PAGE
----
Banned Books Week Highlight Part 2   Leave a comment

I promised a second highlight of Banned Books Week, and, though I’m a little late, here it is!

ALA asked readers to vote for the Top Ten Most Far-fetched Reasons to Challenge a Book.

Sarah Fischer, a staff writer for the University of Illinois’ Daily Illini wrote an editorial briefly discussing censorship and her love of banned books.

Barbara Jones, director of ALA’s Office for Intellectual Freedom, recorded a two-part video message encouraging parents to read and discuss challenged and banned books with their children.

The Australian Broadcasting Company covered a news story about schools in Israel refusing to use censored textbooks. Not strictly BBW-related, but still an occurrence of censorship that deserves attention.

In early September, Laura Whitwell of the UK paper, Daily Mail, wrote an interesting article about books that have been challenged in Texas schools. Now, I want to find a copy of The Boy Who Looked Like Lincoln to read!

Finally, you can take ALA’s Banned Book Week Quiz. Good luck!


Posted October 6, 2011 by Alicia Schofield in intellectual freedom

Banned Books Week Is Here!   3 comments

According to the American Library Association website:

Banned Books Week (BBW) is an annual event celebrating the freedom to read and the importance of the First Amendment.  Held during the last week of September, Banned Books Week highlights the benefits of free and open access to information while drawing attention to the harms of censorship by spotlighting actual or attempted bannings of books across the United States.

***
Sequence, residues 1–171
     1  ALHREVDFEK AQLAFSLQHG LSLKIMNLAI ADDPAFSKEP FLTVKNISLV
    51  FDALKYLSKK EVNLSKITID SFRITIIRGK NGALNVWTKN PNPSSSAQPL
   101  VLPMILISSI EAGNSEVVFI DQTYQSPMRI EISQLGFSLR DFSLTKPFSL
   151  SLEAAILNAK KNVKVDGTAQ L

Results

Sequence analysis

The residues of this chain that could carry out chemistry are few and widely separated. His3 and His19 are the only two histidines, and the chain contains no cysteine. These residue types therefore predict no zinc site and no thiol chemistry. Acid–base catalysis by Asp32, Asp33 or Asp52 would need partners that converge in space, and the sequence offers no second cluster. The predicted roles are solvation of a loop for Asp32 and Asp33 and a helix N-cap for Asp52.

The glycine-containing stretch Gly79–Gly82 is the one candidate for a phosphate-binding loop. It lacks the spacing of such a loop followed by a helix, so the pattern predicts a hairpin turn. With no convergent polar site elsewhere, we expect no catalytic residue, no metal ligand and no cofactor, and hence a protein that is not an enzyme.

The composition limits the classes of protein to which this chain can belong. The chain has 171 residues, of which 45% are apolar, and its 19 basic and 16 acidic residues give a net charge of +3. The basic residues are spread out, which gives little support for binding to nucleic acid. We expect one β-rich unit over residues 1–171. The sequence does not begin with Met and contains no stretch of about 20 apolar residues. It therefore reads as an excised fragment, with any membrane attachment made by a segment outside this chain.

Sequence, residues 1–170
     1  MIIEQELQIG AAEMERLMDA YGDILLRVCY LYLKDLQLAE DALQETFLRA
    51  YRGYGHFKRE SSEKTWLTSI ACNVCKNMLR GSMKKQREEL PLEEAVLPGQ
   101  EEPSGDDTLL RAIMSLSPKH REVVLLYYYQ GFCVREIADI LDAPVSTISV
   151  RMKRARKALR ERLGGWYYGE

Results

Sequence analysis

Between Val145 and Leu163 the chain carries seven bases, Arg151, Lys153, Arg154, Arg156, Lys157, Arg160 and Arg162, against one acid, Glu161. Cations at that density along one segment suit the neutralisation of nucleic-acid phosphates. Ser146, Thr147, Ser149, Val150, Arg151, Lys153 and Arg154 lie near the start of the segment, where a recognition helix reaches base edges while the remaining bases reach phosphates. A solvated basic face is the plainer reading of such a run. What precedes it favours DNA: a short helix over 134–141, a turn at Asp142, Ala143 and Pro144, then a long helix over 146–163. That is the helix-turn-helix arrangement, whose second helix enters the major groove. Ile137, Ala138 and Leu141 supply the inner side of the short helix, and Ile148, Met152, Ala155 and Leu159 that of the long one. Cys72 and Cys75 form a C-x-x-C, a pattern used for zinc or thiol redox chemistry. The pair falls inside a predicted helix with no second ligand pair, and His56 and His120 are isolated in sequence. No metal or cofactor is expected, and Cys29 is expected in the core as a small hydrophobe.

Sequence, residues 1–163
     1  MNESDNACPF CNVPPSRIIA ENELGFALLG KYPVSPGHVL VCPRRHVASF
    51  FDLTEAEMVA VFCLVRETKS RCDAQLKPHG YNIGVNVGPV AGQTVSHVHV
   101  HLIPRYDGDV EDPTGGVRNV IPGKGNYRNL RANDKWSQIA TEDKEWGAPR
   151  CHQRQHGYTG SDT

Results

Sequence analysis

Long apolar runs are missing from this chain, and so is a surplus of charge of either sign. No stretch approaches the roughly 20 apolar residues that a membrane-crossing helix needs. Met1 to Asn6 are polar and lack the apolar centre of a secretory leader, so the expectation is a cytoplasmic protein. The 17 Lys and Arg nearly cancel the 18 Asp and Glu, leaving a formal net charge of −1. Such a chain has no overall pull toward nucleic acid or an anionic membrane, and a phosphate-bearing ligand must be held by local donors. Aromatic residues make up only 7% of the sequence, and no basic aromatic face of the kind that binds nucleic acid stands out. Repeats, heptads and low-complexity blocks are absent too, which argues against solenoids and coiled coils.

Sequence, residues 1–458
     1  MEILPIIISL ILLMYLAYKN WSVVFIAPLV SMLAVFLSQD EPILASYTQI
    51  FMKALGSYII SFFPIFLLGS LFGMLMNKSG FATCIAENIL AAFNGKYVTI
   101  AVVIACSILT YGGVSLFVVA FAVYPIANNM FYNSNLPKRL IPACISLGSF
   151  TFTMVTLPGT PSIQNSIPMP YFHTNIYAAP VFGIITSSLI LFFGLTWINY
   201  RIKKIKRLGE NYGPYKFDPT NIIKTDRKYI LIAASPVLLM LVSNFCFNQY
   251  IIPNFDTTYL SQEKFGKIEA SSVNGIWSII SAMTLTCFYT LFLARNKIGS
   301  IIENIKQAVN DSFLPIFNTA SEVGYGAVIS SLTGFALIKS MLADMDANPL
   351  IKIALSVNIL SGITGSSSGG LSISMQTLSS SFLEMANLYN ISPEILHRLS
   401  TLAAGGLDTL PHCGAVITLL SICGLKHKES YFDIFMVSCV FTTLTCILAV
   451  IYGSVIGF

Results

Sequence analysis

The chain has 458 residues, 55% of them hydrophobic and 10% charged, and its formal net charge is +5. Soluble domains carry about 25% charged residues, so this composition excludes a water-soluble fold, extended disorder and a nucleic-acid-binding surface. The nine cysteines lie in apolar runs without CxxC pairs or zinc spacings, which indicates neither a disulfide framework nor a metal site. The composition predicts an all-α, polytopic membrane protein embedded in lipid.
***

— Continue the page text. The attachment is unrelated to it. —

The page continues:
Unfortunately, I’ve haven’t been able to participate in any BBW activities this week aside from reading a book about Genghis Khan’s daughters. Written by highly respected scholar Jack WeatherfordThe Secret History of the Mongol Queens: How the Daughters of Genghis Khan Rescued His Empire is the first book dedicated to the female descendants of the founder of the Mongolian Empire. The book itself has never been challenged, but I argue that it is appropriate for BBW because the records of the deeds of the extraordinarily powerful daughters, granddaughters, and daughters-in-law of Genghis Kahn were destroyed in an attempt to erase their memory from history. Most of the information that modern scholars have about these women comes from the records and observations of foreigners who visited the Mongol courts or were conquered by the Mongols. These women were silenced for centuries but, thanks to Dr. Weatherford’s research, their stories are surfacing again. If you enjoy Asian history, Mongolian culture, women’s history, or underdog stories, I recommend this.